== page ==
What also greatly helps is too look beyond your country’s musical dimensions. I am from Germany but spent the last 9 months studying in the UK. I enjoyed Deep House before, but that time really broadened my musical taste. And stuff that is already “old” and maybe overplayed in the UK (take Julio Bashmore – Battle for Middle You or Blawan’s Getting me down) may be something I can play here in Germany and it sounds new and unique. Things may be different in Berlin, but at least where I am now, no one plays this.

    Back to the topic of finding an individual style, it is important to notice that “unique sound” can mean different things. When building a collection you could see if a collecion is wide or narrow. Let’s compare two artists like maybe John Digweed and 2manyDJs. Both certainly have a unique style but while Digweed mostly sticks to his Bedrock sound, 2manyDJs incorporate lots of popular tunes and it is the arrangement that makes it sound unique.
    In the end, developing that style is a process that takes time and hopefully never stops, and the pace is different for everyone individually.

    #1006378
    softcore
    Member

    Being primarily a producer it was fairly easy for me to establish my sound first and foremost by playing my own music…This in itself, as one’s music usually has a certain sound and style helped a lot. Usually though, even when playing certain tracks I get comments from friends that some of them are indeed a “signature” of me playing even though I had never considered them that way. To give an example, seconds after playing Ormatie’s “Only” on one of my webradio shows, everyone listening knows its Softcore’s airtime! 😉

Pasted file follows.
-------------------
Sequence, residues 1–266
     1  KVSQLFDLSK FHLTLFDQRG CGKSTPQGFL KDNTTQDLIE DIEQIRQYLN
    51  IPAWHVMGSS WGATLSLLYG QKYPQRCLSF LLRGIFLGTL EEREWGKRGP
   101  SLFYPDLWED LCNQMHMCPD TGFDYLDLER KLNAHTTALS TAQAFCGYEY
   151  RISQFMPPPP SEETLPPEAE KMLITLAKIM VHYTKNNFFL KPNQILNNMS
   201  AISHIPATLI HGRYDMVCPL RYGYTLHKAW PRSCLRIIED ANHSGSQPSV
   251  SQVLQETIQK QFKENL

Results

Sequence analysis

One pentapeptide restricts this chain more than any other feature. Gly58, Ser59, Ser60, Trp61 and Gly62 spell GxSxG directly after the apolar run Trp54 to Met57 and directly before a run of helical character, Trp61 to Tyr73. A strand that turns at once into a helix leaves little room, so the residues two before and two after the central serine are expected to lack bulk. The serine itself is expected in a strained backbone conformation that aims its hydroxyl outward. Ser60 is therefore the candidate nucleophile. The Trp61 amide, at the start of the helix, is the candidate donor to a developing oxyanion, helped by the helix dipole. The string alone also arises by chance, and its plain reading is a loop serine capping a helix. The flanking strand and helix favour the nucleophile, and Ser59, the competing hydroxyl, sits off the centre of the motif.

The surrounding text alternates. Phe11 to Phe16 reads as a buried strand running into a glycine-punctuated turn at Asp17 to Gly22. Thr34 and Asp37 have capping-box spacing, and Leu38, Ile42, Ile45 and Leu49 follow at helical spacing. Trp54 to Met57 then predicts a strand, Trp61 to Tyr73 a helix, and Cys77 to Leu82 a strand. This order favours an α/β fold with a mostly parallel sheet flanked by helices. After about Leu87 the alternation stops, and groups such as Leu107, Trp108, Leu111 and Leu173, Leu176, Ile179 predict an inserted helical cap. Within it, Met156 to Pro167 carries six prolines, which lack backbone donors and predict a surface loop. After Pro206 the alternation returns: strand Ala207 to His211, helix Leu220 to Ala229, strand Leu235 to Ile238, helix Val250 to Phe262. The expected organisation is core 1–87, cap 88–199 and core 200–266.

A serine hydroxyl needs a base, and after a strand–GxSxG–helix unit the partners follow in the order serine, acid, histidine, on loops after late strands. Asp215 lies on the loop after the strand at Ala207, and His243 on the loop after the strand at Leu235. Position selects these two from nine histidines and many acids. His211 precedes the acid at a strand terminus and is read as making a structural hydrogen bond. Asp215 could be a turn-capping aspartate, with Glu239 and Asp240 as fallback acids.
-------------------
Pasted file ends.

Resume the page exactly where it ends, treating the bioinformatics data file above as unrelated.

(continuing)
I think then, it all boils down to how much you express yourself by the tracks you choose to play. If most of the tracks you choose to mix are really what you like to listen to, then inevitably these will be your “signature” sound.

    #1006389

    As far as creating your own “sound”
    I agree with Terry_42

    Well I think the best thing you can do (and I totally agree with you) is to listen to as much music as you can, but be very picky and selective on what you add to your collection.

    A lot of DJ’s I’ve met love to stick with one genre of music. (Which there is nothing wrong with.) If you really enjoy one type of music, good for you keep at it.

    However, I personally feel that if you consider yourself a musician or performer you should gather inspiration from multiple sources. I am astonished by how many club DJ’s I’ve come across who don’t know the fundamentals of many founding artist. I have always found importance in music history, I feel that you should be educated in things you love to do.

    Personally, I listen to a vast majority of music, anything from Drum and Bass, Glitch, Hip-Hop, House, Classical, Reggae, Death Metal, etc… If I like the artist, song or genre I’ll listen to it. No shame in it.

    What I like to do is take an artist that I really enjoy and has inspired me to create music, and research the artists that influenced that particular person, artist or collective, and then research those artist, and their inspirations, until it becomes a never ending cycle.

    For example, I’m a huge metal head, go to shows constantly and I have a vast record section on it.
    However, If you saw me playing one of my shows, you’d be baffled by the fact that I love that genre of music, or even know anything about it at all.

    Recently, in my remixes and some productions I work with I noticed myself finding a slightly more aggressive mixing pattern, and my taste in tempo changes are very similar to some of the genres of music I find myself listening to more and more.
    My scratching, and beat juggling as well.

    This is just my personal take on it, but I feel that the more you listen to, the more you’re up to be influenced by.

    Anyhow, keep spinning!!